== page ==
Suggestion: Minimize the present day moments, focus on the flashbacks. End the film with one longer present day scene of him dying. Or better yet, structure the movie like the book and start with Hoover's death and then go back through his life.
2. Hoover's emotional scenes were too isolated. The scenes of romantic tension with Tolsen or the now infamous mother's dress scene were powerful moments, but they were largely inconsequential for the rest of the film. The result: Hoover's emotional state seemed to have little impact or influence on the important events. Perhaps this was reflecting the man in real-life but as a filmmaker, these events came across as disjointed episodes with no real bearing on the rest of Hoover's life or the rest of the film.
Suggestion: Do a better job of showing how Hoover's emotions affected his life and career. Or, if this is not the case, do a better job of conveying how isolated Hoover kept himself from everyone else and how that affected his life.
These two suggestion taken into account, I think J Edger could have been a much better film. Still enjoyable though. I would recommend the film but with a prior requirement of reading up on the man in order to avoid being completely lost.
Friday, November 25, 2011
While watching J Edgar, I could not help but be reminded of The Godfather Part II. In the latter film we watch as Michael leads the family business, interjected with past vignettes of his father's rise to power. I think Clint Eastwood was going for a similar effect in J Edgar; trying to build up the character and personality that was J Edgar Hoover through flashbacks and narrative.
Unfortunately it did not work. It was hard to find a cohesive plot between the back-and-forth from the 1970s to the 50s to the 60s to the 20s and back to the 30s. While there was certainly a point to be made about Hoover's lying and exaggerations, without a steadily rising plot the climax fell flat. As did some of the character development, such as Gandy's flurried introduction and the not-so-subtle allusions to Tolson's sexuality ("His record shows... he shows no interest in women.")
But the acting was great. Where Leonardo wearing women's clothing could have been quite laughable, it came off as serious and sad. Overall DiCaprio's Hoover came off as more socially awkward and insecure than power hungry, which diminished how awestruck we should have been thinking how someone like Hoover could have served in the government. And there was a nice selection of events from the book in the film, though some events such as Dillinger's murder went unexplained despite constant references. Overall, C+.
Wednesday, November 23, 2011
Personally, I thought the movie was pretty good. I was impressed by the way Leonardo DiCAprio was able to portray the rough and tough side of Hoover while also showing how paranoid he really was.
However, there were a couple of things I thought the movie could have done better.
Personally, I feel that the movie could have been better if it avoided the constant flashbacks. I am glad we read the book before hand, since it helped me organize the events in my head. I can see why some viewers might have given this movie a bad rating.
Another issue I had with this movie was the way it focused more on Hoover’s heroic side than his dark side. Throughout the whole movie I was waiting to see the part where Hoover betrays the German spies, the ones who helped him prevent national disasters.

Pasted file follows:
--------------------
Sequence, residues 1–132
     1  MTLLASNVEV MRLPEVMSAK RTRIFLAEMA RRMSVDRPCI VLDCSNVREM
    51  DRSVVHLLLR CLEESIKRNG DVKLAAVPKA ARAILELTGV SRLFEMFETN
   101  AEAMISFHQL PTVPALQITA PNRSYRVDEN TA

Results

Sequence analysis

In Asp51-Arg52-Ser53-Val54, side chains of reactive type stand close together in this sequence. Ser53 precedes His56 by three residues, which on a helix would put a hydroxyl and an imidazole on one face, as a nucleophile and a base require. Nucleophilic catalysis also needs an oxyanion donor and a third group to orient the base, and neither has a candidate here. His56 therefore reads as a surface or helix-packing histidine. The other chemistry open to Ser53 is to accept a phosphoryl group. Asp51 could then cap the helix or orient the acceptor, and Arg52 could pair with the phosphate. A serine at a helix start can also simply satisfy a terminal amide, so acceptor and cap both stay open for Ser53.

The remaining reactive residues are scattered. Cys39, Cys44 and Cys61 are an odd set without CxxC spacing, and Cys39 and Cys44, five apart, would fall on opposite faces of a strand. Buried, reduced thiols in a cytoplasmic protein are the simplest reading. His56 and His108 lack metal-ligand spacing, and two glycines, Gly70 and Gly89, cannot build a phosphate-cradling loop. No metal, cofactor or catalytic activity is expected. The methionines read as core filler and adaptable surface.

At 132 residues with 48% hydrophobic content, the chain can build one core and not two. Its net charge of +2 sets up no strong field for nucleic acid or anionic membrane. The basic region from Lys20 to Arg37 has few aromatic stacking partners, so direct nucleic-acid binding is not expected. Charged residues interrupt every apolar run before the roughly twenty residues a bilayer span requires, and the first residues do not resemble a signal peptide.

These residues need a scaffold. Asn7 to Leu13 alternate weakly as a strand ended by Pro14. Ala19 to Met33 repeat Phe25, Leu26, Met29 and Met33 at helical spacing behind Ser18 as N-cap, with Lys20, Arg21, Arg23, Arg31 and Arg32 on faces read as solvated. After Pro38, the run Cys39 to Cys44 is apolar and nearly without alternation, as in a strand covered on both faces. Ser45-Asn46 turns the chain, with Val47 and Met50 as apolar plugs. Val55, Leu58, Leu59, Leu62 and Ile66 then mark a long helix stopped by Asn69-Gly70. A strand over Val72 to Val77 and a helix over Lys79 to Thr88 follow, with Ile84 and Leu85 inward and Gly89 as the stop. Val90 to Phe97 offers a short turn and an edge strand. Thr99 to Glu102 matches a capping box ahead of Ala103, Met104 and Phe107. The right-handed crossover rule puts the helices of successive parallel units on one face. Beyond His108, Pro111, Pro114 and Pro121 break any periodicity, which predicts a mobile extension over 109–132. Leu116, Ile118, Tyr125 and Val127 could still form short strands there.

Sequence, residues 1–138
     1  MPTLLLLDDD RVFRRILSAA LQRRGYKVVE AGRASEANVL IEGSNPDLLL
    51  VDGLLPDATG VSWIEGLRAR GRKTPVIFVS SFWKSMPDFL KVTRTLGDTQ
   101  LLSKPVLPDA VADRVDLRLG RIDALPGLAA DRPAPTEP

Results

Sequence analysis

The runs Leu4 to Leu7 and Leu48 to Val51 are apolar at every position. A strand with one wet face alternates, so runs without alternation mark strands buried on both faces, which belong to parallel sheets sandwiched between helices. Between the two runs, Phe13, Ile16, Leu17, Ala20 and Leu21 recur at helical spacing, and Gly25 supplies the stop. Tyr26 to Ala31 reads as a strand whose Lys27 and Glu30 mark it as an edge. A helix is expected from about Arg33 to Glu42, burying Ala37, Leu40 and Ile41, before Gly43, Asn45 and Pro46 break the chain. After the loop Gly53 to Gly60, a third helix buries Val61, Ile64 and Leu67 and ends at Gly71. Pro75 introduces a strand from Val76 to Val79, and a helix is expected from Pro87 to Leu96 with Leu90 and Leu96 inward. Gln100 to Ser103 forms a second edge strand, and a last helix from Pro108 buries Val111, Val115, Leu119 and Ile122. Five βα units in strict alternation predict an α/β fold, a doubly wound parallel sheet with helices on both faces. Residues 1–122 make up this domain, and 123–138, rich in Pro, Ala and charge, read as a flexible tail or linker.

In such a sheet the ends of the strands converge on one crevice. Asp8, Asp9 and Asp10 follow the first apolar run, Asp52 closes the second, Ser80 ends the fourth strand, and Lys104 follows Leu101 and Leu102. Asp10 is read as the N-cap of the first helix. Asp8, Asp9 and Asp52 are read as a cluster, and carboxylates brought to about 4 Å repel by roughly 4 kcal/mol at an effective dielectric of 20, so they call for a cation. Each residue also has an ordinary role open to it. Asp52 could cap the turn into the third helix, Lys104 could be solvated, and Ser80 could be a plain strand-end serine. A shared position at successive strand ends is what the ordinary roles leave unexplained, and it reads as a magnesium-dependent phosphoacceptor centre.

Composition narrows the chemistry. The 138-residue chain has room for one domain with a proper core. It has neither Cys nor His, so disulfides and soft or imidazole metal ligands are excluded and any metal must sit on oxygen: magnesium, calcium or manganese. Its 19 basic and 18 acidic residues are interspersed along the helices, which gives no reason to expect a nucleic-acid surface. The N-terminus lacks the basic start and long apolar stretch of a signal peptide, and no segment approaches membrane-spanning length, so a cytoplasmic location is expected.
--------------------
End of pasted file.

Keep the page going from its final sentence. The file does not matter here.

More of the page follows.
One thing that surprised me was learning that Hoover had some strong feelings for Ms. Gandy at the start of his career.
I was also struck by the way the Hoover’s house looked. It’s exactly what I envisioned it to be when I read the book.
Lastly, I couldn’t help but feel sorry for Tolson. I feel the movie did a great job showing how much affection he had for Hoover.
Overall, I would give this movie a B+
Tuesday, November 22, 2011
Monday, November 21, 2011
First off let me say that the movie was not as bad as critics would have lead me to believe it would be. Rottentomates gave J. Edgar a rating of 40% but I would have easily given the movie anywhere between a 75% to 80%. I was thoroughly impressed with Leonardo DiCAprio's portrayal of Hoover, despite what many critics have described as a lackluster performance with too much makeup. I thought Clint Eastwood and the screenwriters did an excellent job of showing Hoover as a paranoid, egotistical, showboat. The final scene with Tolson and Hoover where Tolson confronts Edgar about his distortion of the truth in the lead up to Hoover's first "arrest" highlighted a lot about the Hoover character and was done in a compelling manner. I think the film did a good job of showing Hoover's continual obsession with the FBI's image and his own personal reputation. As far as character development goes this movie was done very well and did justice to a very confused, bewildering character.
I had a lot of problems with the basic story-telling structure of the movie plot. I think telling the story through anecdotal flashbacks was overdone and the plot became too convoluted because of the continuous transition between "present" day and Hoover's past. The story was somewhat difficult to follow as a result. But apart from general plot intricacies that were confusing, I was thoroughly impressed with the whole supporting cast (with the possible exception of Helen Gandy) and the general setting/choreography of the film. All in all a very fun excursion and an entertaining enough movie.
Saturday, November 19, 2011
Friday, November 18, 2011
An Idaho man who federal investigators say considered President Barack Obama to be the “Antichrist” was charged Thursday with attempting to assassinate Obama last week by firing shots at the White House.